Once his five-year ban ends, Muhammad Aamir can be selected: Najam Sethi
Disgraced Pakistan paceman Mohammad Aamir will be eligible to play international cricket as soon as his five-year ban ends on September 2 this year, former Pakistan Cricket Board chairman Najam Sethi said on Monday.
Karachi: Disgraced Pakistan paceman Mohammad Aamir will be eligible to play international cricket as soon as his five-year ban ends on September 2 this year, former Pakistan Cricket Board chairman Najam Sethi said on Monday.
Sethi, who currently heads the executive committee of the PCB and is also a member of the board of governors in the PCB, said after revision of the anti-corruption laws, Aamir would be eligible to play international cricket following the end of his ban.
"Once his five-year ban ends, he can be selected in the national team. The reason we took up his case was because we got top legal opinion and they said Aamir had been given the most severe punishment among the three players, who were banned for spot fixing," Sethi said on 'Geo News' channel.
"If we had not taken up his case and the anti-corruption laws had not been revised, it would have taken time for him to be eligible to play international cricket even after his five year ban ended," he added.
Sethi was the chief of PCB in 2013 when the Board took up Aamir's case with the ICC, which led to the revision of anti-corruption laws.
"Aamir was very young when he got punished for spot fixing and he felt remorse and cooperated with the ICC and us from the start. But the ICC anti-corruption laws at that time didn't have any clause which could allow him to be given a reduced sentence and relaxation because of his age and compared to Salman Butt and Muhammad Asif, who were adults.
"At the same time the laws at that time also were not clear on his comeback once his five-year ban was over. So we pushed for this case after taking expert legal opinion in London. The opinion we got was that Aamir was 18 when he was banned and the ICC should have some clauses to give relaxation to such a young player who was also cooperating with the inquiry and had confessed to the crime," revealed Sethi.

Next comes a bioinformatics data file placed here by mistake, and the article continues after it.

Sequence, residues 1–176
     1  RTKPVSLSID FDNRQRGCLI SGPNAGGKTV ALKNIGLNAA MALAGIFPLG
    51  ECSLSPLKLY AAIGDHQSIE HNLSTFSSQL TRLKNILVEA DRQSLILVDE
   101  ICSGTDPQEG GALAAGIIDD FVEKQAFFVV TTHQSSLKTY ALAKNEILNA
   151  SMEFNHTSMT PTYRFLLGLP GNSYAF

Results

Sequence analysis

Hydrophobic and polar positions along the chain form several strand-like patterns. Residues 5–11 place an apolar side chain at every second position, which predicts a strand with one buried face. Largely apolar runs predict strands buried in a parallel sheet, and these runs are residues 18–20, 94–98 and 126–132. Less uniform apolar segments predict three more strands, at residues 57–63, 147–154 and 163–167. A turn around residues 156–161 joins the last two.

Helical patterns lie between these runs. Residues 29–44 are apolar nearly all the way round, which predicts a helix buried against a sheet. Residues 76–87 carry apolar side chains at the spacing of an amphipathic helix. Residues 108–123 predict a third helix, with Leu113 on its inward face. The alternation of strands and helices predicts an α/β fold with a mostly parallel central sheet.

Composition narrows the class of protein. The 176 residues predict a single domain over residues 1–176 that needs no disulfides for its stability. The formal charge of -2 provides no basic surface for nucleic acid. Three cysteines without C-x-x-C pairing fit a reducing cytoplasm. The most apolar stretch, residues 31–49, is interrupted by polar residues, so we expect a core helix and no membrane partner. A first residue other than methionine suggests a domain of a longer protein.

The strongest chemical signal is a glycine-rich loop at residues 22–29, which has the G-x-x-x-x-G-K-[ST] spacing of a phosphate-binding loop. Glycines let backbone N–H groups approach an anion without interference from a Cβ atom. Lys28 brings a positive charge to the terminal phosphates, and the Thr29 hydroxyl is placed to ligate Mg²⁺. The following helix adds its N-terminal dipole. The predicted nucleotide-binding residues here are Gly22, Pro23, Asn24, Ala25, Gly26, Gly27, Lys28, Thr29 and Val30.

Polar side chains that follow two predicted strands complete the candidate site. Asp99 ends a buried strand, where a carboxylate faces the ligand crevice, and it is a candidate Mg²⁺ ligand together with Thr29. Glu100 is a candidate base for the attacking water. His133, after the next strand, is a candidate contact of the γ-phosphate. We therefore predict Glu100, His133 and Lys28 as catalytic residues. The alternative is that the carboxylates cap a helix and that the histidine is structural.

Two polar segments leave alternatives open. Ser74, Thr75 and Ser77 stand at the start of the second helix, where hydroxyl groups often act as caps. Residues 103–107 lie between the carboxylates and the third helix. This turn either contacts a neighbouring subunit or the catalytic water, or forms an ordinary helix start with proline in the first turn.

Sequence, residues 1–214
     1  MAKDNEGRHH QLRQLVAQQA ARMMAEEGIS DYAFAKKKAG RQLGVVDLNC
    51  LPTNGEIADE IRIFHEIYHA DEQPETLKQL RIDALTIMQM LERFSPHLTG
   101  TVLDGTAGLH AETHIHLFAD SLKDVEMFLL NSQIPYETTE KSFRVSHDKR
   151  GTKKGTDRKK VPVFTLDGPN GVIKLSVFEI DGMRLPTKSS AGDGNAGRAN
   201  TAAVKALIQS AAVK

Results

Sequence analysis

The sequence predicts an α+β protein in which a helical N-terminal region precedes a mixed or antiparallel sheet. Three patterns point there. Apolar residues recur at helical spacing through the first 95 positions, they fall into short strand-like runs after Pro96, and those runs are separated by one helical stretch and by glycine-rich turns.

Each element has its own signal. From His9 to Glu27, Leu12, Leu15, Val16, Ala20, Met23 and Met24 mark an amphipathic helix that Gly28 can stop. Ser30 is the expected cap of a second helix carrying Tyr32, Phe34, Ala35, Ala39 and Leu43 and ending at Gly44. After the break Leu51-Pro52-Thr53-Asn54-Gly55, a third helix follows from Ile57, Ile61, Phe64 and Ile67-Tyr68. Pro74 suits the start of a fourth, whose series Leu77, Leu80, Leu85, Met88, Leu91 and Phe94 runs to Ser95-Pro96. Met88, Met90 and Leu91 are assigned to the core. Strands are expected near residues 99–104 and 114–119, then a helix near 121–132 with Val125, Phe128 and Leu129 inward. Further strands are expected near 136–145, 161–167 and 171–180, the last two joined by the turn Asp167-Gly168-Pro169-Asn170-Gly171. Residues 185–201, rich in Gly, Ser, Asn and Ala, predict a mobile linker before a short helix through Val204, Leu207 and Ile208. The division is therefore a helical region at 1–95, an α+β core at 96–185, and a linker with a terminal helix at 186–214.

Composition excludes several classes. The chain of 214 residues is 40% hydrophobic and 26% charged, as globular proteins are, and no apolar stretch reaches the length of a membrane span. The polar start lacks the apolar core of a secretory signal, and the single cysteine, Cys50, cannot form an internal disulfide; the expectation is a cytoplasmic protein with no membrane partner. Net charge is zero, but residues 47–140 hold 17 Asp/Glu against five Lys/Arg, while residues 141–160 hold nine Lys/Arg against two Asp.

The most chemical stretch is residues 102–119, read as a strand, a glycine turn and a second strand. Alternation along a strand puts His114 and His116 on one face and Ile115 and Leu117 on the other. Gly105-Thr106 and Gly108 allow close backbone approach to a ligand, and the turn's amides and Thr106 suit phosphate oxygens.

"That is why we pushed for his case and I must say that the England and Australian cricket boards supported us in this and the special committee was formed to revise the anti-corruption laws," he said.
Sethi said the concerns raised by former Test captain Rameez Raja and some others over tainted players making a comeback in the team was justified and understandable because of what happened in the past in Pakistan cricket.
"But we feel Aamir deserves a second chance because he cooperated with us and has rehabilitated himself. But now the selectors have to see whether his cricket form and fitness is such that he can return to the national team after September," Sethi said.
He informed that allowing Aamir to play domestic cricket was also a decision taken by the ICC under the new anti-corruption laws.
"He has served his punishment and he deserves to be a given a second chance," insisted Sethi.